Research ArticleGraft-Versus-Host Disease

Donor fecal microbiota transplantation ameliorates intestinal graft-versus-host disease in allogeneic hematopoietic cell transplant recipients

See allHide authors and affiliations

Science Translational Medicine  12 Aug 2020:
Vol. 12, Issue 556, eaaz8926
DOI: 10.1126/scitranslmed.aaz8926

You are currently viewing the abstract.

View Full Text

Log in to view the full text

Log in through your institution

Log in through your institution

FMT fires up treatment of GvHD

Allogeneic hematopoietic cell transplantation (HCT) is a beneficial treatment for hematological malignancies. However, HCT can lead to graft-versus-host disease (GvHD), which affects various organs including the gut. Fecal microbial transplantation (FMT) from allogeneic donors has successfully treated intestinal disorders such as Clostridium difficile infection and ulcerative colitis. van Lier et al. conducted a single-arm clinical trial to investigate whether allogeneic FMT could ameliorate symptoms of intestinal GvHD in 15 HCT recipients. Within a month of treatment, intestinal GvHD resolved and gut microbial diversity was restored in 10 of 15 study participants. Although confirmation is required in larger trials, allogeneic FMT may be a promising treatment for intestinal GvHD.


Disruption of the intestinal microbiota occurs frequently in allogeneic hematopoietic cell transplantation (allo-HCT) recipients and predisposes them to development of graft-versus-host disease (GvHD). In a prospective, single-center, single-arm study, we investigated the effect of donor fecal microbiota transplantation (FMT) on symptoms of steroid-refractory or steroid-dependent, acute or late-onset acute intestinal GvHD in 15 individuals who had undergone allo-HCT. Study participants received a fecal suspension from an unrelated healthy donor via nasoduodenal infusion. Donor FMT was well tolerated, and infection-related adverse events did not seem to be related to the FMT procedure. In 10 of 15 study participants, a complete clinical response was observed within 1 month after FMT, without additional interventions to alleviate GvHD symptoms. This response was accompanied by an increase in gut microbial α-diversity, a partial engraftment of donor bacterial species, and increased abundance of butyrate-producing bacteria, including Clostridiales and Blautia species. In 6 of the 10 responding donor FMT recipients, immunosuppressant drug therapy was successfully tapered. Durable remission of steroid-refractory or steroid-dependent GvHD after donor FMT was associated with improved survival at 24 weeks after donor FMT. This study highlights the potential of donor FMT as a treatment for steroid-refractory or steroid-dependent GvHD, but larger clinical trials are needed to confirm the safety and efficacy of this procedure.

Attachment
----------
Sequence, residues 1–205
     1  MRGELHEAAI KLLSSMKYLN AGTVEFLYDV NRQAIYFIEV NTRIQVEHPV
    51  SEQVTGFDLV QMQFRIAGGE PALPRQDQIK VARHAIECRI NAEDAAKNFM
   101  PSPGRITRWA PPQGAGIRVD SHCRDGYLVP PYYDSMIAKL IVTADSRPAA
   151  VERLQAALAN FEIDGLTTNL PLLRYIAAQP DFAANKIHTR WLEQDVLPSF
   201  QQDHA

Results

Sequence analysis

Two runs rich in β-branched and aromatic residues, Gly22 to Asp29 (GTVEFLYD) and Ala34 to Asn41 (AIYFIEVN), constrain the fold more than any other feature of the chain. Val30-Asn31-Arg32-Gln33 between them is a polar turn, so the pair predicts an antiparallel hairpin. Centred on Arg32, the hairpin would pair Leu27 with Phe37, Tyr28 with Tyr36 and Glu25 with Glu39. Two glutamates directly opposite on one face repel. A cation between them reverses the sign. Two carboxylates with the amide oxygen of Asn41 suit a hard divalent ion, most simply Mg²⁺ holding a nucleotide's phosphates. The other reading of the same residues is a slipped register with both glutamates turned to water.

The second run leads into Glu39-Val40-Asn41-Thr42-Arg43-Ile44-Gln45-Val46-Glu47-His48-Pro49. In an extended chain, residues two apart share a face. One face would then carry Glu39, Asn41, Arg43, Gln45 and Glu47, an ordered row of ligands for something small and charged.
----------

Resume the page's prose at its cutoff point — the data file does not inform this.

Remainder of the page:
View Full Text

Stay Connected to Science Translational Medicine